It is necessary to examine the peculiarities of the non-classical mode of
reading philosophy. Classical philosophy investigated the historical and
scientific aspects of texts, i.e. concrete cultural context, which determines
the structure and evolution of written texts. It is necessary to know the
original language in which a given text is written not so much in order to
understand the sense of the text, as to analyze the cultural context. And it is
necessary to know the native history and language (Saussurian 'langage') of the
author. Although non-classical philosophy inherits this principle, it does not
treat the text as a self-identical entity, which classical philosophy does
insistently. The principle of self-identity regards a text as defined by the
frames of national language, culture and epoch. Classical philosophy insists on
this principle, which is why it demands that the reader carry out all the duties
I listed earlier.

For a non-classical reader, the text can be read, whether it remains
self-identical or not. Therefore one can read the text out of the epochal or
cultural context, as well as out of - that is, against - the author's position.
This principle was formulated by G. Bataille in the course of his reading of
Hegel; his point is, namely that we can read Hegel's works not only out of
German cultural context, but out of Hegel himself. Non-classical philosophy
does not reject the classical principles, but takes off ('Aufheben') the burden
of austerity, which insists in viewing the text as a self-contained totality.

Non-classical philosophy is premised upon the principle that the text is
determined by the given cultural context of the reader, not by that of the
author. When reading a text, a non-classical reader accentuates the very
process of reading, which depends on the reader's native language, culture and
the epoch in which he is present, but not on the self-identity of the text,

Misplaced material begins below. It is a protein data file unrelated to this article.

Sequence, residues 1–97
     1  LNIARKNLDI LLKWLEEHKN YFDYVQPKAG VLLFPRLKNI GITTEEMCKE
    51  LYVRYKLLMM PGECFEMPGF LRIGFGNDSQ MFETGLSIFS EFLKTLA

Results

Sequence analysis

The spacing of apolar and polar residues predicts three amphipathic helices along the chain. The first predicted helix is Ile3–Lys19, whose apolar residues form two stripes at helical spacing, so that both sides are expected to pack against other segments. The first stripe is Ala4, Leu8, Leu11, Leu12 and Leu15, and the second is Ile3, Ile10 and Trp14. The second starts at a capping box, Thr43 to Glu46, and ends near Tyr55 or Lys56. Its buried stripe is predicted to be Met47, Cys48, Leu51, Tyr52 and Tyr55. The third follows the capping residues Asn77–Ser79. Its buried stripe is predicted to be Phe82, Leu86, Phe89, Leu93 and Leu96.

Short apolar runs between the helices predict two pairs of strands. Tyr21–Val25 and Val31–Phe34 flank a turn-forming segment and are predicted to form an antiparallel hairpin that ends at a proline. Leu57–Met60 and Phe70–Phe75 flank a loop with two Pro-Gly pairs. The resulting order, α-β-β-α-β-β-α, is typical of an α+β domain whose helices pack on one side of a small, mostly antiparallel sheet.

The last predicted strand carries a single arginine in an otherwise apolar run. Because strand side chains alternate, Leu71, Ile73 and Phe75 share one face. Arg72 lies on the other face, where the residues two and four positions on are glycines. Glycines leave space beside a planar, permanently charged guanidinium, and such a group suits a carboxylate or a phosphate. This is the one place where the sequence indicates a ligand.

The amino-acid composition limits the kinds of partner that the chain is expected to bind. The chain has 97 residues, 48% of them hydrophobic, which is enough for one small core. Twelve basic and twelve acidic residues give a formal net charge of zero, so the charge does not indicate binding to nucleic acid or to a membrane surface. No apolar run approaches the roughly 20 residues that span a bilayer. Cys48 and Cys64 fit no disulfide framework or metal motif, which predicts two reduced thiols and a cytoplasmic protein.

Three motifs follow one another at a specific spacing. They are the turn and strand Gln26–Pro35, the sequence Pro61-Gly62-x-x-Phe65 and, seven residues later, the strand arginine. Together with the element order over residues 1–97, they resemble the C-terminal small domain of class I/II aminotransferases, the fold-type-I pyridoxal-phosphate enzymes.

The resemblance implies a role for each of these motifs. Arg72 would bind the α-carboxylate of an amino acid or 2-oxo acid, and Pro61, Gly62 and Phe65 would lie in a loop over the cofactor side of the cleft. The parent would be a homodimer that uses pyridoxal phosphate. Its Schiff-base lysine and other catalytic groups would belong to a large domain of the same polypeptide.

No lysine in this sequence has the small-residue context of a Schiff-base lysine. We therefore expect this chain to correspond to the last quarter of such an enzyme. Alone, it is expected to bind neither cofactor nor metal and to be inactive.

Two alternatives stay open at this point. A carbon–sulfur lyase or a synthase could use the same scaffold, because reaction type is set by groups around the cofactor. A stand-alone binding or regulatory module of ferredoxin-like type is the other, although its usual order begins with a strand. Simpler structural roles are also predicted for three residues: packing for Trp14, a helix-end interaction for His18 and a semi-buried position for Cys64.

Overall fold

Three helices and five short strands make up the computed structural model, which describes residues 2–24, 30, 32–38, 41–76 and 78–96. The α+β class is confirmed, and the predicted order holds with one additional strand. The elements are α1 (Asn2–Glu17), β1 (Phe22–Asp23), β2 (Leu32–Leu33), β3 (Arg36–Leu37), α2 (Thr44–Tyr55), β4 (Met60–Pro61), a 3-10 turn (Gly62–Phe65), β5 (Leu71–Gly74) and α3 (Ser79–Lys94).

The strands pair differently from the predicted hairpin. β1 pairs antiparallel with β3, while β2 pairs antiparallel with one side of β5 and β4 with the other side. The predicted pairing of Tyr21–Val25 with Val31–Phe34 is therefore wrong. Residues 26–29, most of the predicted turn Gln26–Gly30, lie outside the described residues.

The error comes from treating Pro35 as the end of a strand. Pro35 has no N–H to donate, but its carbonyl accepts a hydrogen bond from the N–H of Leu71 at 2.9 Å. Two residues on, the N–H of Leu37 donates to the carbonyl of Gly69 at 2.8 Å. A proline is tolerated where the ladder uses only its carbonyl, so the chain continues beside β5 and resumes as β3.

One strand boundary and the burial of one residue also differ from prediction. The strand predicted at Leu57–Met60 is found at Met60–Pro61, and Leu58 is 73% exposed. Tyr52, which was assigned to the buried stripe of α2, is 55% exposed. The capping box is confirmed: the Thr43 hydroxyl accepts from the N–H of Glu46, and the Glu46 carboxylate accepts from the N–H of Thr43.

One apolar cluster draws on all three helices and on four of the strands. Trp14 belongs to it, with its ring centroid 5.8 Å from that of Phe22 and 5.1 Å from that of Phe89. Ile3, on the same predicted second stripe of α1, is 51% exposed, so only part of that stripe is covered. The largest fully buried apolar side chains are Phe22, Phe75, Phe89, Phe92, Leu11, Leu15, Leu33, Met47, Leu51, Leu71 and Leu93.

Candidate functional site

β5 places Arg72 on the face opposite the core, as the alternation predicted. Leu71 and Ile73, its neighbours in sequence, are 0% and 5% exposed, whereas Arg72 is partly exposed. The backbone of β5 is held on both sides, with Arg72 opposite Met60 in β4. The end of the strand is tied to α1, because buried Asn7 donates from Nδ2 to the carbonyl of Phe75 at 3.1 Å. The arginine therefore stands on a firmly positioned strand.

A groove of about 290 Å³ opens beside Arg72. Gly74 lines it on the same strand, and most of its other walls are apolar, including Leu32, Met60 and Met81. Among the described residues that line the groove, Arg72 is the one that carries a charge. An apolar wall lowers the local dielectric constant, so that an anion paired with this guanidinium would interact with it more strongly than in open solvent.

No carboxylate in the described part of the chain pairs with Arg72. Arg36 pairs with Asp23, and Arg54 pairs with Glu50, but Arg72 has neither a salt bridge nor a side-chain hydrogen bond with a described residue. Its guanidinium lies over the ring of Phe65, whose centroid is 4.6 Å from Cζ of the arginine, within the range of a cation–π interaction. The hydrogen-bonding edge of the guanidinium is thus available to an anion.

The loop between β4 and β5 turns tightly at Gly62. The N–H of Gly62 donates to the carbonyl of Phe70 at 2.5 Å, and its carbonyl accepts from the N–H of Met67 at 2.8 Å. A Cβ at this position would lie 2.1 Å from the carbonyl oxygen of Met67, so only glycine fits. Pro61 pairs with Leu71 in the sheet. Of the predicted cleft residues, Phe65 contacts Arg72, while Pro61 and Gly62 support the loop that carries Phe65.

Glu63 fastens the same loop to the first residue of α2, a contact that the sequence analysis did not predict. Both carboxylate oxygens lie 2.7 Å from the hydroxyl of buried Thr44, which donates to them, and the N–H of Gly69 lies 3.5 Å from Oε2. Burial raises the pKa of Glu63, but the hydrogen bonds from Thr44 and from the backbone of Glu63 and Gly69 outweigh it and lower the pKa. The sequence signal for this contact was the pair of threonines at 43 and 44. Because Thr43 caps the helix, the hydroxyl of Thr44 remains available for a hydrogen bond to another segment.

treated by classical philosophy as the immutable, total and stable code of
information, rigidly determined by the culture and epoch in which it was
written. Seen from the non-classical point of view, reading should not submit
itself to this code; on the contrary, this code can be determined by the
reader. Therefore non-classical philosophy resists the monosemantic (i.e.
self-identical) treatment of the text as well as the complete cognitive mastery
over it. Seen from the classical point of view, the reader is one who
understands all the senses created by the author; consequently, the sense of
the text is limited and static. A non-classic reader understands a text as a
dynamic system, which itself develops in the course of reading.

The main principle of non-classical reading is proposed by Barthes (and also by
Umberto Eco) who argues that the text is formed by the reader rather than by the
author. There are no limits or completion to the text, because it is created by
the process of reading, which is as endless as the present itself. At the same
time, non-classical philosophy inherits the principle of cultural determinism
from classical philosophy. It acknowledges that the reader's interests are
determined by his mother tongue and present culture. Senses of a text are
formed by the reader's language, culture and epoch, not by the author's. To
this extent, the writer, as well as the reader, is subject to cultural

Non-classical philosophy, especially poststructuralism, is premised upon the
principle that writing ('ecriture') is not submitted to thinking (or, likewise,
to logic and truth). Writing is the universal form of human activity, and
thinking itself (taken as an act of creating truth and objectivity) can be
treated as a form of writing. If, as Derrida says, writing is more primary than
thinking, reading is not the process of deciphering encrypted thoughts, but,
itself, paradoxically, a form of writing. When reading a text, the
non-classical reader creates another text, which is a treatment of the first
one. The reader is always a writer. This idea is very close to that of Barthes,
who maintains that a text is formed by the reader rather than by the author.
That is why non-classical philosophy does not aspire to answer the global
question of thinking, but is devoted to reading and treating texts.
Non-classical philosophy treats philosophy as a method of reading, not as a
method of explaining the world, which classical philosophy insisted on doing.